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Hōjō Yasutoki from the series Instructive Models of Lofty Ambition

 

Japanese Color Woodblock Print

Hōjō Yasutoki

from the series Instructive Models of Lofty Ambition

by Kobayashi Kiyochika, 1885

Tokugawa Takechiyo from the series Instructive Models of Lofty Ambition

 
IHL Cat. #611

IHL Cat. #1325

About This Print

Two different states of print number 廿五 (25)1 in the series Instructive Models of Lofty Ambition picturing the armor-clad Hōjō Yasutoki 北条 泰時 (1183–1242), the third shikken (regent) of the Kamakura shogunate, being criticized by the seated Taira no Moritsuna 平の盛綱 for wasting his valuable time in coming to the aid of his younger brother Hōjō Tomotoki 北条 朝時 (1193-1245).

Kiyochika contributed 20 prints to this series.  As Smith states: "The style of Kiyochika’s offerings to Instructive Models of Lofty Ambition was decorous and even stiff, as befitted the didactic emphasis of the whole [series.]"2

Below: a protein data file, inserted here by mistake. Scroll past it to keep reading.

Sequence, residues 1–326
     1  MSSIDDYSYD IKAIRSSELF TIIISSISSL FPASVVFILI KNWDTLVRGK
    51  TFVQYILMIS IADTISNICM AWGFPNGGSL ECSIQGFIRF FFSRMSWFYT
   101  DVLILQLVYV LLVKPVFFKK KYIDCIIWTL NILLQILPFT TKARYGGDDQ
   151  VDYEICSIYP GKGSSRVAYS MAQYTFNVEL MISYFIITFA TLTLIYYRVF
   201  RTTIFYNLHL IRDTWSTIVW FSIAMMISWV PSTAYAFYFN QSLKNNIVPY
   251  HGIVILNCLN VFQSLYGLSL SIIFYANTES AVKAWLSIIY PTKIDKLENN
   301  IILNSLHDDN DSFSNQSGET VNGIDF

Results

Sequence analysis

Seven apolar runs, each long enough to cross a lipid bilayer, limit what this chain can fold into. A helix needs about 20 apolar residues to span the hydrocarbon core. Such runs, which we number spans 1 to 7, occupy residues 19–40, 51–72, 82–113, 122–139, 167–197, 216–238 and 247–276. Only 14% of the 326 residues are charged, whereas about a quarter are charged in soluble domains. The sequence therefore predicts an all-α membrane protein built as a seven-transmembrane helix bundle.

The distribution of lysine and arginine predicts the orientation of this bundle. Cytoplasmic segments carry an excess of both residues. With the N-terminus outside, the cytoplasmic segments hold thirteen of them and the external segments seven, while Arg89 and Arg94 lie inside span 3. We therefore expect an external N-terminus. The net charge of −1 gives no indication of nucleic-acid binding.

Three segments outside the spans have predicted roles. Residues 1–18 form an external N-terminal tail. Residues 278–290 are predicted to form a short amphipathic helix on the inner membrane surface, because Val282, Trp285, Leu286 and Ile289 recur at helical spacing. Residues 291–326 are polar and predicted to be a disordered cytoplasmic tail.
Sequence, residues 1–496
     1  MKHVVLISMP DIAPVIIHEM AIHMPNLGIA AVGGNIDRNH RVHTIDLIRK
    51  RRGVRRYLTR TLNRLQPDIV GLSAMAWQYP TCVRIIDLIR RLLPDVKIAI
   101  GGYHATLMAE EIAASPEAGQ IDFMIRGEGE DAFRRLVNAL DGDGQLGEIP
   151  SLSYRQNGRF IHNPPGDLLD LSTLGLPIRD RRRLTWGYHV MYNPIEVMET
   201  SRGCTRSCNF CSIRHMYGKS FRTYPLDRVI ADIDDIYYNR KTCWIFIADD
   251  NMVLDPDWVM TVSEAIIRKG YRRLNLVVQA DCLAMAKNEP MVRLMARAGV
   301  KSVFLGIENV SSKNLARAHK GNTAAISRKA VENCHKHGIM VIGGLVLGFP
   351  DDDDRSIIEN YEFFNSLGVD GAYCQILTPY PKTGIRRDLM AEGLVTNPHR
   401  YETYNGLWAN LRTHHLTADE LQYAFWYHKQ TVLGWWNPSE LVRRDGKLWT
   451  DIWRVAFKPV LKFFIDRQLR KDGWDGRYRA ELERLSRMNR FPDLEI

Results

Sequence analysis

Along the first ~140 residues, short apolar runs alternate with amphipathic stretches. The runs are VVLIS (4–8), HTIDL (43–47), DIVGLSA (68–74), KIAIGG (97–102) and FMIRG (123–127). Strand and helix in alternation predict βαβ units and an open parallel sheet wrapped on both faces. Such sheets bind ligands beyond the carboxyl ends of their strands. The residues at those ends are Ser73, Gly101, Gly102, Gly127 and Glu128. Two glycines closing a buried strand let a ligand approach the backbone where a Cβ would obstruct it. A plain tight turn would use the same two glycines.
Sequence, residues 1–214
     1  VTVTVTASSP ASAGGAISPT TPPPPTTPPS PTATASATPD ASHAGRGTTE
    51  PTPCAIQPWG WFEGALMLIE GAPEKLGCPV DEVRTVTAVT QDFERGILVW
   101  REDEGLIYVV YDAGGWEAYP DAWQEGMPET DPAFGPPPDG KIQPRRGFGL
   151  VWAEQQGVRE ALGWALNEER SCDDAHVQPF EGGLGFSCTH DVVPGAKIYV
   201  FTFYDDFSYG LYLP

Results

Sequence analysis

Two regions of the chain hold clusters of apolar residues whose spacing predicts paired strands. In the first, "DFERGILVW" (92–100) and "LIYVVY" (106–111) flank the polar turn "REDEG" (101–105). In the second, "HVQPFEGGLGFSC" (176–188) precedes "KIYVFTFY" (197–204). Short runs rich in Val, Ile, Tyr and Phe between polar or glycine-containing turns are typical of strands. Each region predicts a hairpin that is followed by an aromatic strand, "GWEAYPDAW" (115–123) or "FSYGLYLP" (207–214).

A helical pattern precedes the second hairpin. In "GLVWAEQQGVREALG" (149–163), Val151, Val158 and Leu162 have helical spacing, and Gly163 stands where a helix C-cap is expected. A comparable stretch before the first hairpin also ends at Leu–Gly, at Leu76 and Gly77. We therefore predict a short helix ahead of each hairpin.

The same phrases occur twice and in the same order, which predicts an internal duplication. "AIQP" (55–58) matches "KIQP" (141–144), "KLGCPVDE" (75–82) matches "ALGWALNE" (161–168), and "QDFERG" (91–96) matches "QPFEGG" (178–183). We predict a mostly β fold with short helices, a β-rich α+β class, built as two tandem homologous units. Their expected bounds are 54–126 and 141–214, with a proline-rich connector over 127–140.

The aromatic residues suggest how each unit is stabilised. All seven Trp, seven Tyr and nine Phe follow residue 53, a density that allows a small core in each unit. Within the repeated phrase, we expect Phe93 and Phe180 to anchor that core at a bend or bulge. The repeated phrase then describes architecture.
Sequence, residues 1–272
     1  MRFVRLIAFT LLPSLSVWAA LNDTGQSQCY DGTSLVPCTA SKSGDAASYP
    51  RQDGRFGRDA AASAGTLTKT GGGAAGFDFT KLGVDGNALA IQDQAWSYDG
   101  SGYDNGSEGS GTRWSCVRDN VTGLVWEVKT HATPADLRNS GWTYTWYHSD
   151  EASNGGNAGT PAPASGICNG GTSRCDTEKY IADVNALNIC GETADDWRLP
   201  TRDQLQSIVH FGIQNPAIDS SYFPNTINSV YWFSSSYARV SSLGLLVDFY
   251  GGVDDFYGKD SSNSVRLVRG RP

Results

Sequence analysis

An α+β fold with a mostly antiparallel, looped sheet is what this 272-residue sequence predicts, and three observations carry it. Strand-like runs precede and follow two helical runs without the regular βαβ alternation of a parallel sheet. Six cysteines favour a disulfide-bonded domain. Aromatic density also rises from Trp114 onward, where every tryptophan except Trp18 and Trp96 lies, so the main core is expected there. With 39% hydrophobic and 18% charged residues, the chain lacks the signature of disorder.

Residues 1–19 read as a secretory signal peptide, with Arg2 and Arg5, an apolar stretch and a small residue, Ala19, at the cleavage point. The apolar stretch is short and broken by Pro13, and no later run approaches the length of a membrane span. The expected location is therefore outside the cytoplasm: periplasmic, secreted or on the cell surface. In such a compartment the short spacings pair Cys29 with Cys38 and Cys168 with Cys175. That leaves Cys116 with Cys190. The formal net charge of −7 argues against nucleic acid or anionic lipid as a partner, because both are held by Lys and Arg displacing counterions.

1 Numbering of the prints was haphazard during the production of the series. Print numbers were sometimes inadvertently omitted; some prints in the series were never assigned numbers and a few of the same numbers appear on different prints. 
2
Kiyochika Artist of Meiji Japan, Henry D. Smith II, Santa Barbara Museum of Art, 1988, p. 74.


Hōjō Yasutoki Aiding His Younger Brother Tomotoki

Source: A History of the Japanese People - From the Earliest Times to the End of the Meiji Era, Frank Brinkley and Dairoku Kikuchi, The Encyclopædia Britannica Co., 1915, p. 348.

One day, while attending a meeting of the Hyojoshu [Council of State], he received news that the house of his brother, Tomotoki, was attacked. Immediately he hastened to the rescue with a small band of followers. Subsequently, one of his principal retainers [Taira no Moritsuna - karei or "Governor of the Household"] remonstrated with him for risking his life in an affair so insignificant. Yasutoki answered: "How can you call an incident insignificant when my brother's safety was concerned? To me it seemed as important as the Shokyu struggle. If I had lost my brother, what consolation would my rank have furnished?"1